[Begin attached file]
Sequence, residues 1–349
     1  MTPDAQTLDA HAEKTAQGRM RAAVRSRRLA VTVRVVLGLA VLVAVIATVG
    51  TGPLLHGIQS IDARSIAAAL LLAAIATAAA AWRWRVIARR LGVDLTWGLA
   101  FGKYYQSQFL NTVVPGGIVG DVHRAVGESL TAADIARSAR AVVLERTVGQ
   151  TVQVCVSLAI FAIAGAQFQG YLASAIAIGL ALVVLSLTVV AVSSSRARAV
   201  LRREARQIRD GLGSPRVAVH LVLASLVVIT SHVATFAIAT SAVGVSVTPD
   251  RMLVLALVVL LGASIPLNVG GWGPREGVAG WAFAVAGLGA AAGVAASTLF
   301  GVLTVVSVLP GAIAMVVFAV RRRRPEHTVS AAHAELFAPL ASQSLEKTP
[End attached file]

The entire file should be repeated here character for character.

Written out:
Sequence, residues 1–349
     1  MTPDAQTLDA HAEKTAQGRM RAAVRSRRLA VTVRVVLGLA VLVAVIATVG
    51  TGPLLHGIQS IDARSIAAAL LLAAIATAAA AWRWRVIARR LGVDLTWGLA
   101  FGKYYQSQFL NTVVPGGIVG DVHRAVGESL TAADIARSAR AVVLERTVGQ
   151  TVQVCVSLAI FAIAGAQFQG YLASAIAIGL ALVVLSLTVV AVSSSRARAV
   201  LRREARQIRD GLGSPRVAVH LVLASLVVIT SHVATFAIAT SAVGVSVTPD
   251  RMLVLALVVL LGASIPLNVG GWGPREGVAG WAFAVAGLGA AAGVAASTLF
   301  GVLTVVSVLP GAIAMVVFAV RRRRPEHTVS AAHAELFAPL ASQSLEKTP